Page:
The Optical Dilatometer measurement technique is included in the ELS-MDF instrument.
○ Is based on two optics which are framing both the ends of the sample that is free to expand in both directions
○ Allows to extend the range of research to temperatures higher than the softening point
○ Works in the range between 25°C and 1600°C
The applications of optical dilatometry include:
- Measurement of thermal expansion. ELS-MDF can be used also to measure the thermal expansion of ultra-thin materials and soften ones;
- Sintering studies;
- Optimization of the firing cycle of ceramic bodies;
- Quality control of raw materials.
Thermal expansion and coefficient of thermal expansion (CTE) curves of materials:
Thermal expansion curve of a LAS glass-ceramic (used for cooktops). This material shows negative CTE till 850°C (high thermal shock resistance), then glass transition at about 880°C, dilatometric softening (970°C) and eucriptite-spondumene phase transition.
Study of the behaviour of advanced ceramics very thin samples during an industrial process:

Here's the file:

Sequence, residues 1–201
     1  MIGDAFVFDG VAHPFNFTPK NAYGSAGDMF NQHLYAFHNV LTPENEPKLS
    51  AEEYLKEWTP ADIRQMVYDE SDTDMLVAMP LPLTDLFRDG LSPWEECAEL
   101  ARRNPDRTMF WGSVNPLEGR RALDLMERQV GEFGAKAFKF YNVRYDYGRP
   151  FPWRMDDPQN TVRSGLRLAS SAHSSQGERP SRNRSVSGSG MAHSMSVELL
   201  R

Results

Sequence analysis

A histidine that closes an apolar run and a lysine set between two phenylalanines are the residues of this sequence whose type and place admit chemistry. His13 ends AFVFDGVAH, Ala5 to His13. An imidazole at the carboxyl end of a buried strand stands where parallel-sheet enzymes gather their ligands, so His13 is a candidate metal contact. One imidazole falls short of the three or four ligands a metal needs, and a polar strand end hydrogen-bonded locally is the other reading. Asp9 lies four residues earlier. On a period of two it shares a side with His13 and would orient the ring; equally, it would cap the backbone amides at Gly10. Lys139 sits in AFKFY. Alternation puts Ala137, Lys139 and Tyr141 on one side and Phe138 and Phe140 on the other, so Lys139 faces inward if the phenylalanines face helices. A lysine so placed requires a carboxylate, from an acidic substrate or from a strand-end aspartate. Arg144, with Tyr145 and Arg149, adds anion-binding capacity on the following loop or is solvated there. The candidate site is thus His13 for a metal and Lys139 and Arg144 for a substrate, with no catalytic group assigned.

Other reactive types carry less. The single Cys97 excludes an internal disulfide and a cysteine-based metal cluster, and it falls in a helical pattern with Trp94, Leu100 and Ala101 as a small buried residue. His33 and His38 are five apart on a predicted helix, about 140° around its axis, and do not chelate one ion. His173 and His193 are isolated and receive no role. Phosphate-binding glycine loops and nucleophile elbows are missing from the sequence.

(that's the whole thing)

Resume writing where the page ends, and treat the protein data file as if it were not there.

Low Temperature Cofired Ceramics (LTCC) are thin tapes (in our case, 100 microns thick) obtained by tape casting. During the co-firing process, the binder burnout takes place. As the temperature increases, the glass phase present forms a viscous melt at low temperatures (below 900°C), that activates liquid phase sintering.
Optimization of ceramic bodies composition when the firing cycle is established:
Small changes in formulations correspond to a great variability in firing behaviour. The body with 15% dolomite shows a high tolerance towards accidental variations in technological parameters, whereas the other two bodies are extremely sensitive to even the smallest variations in firing conditions.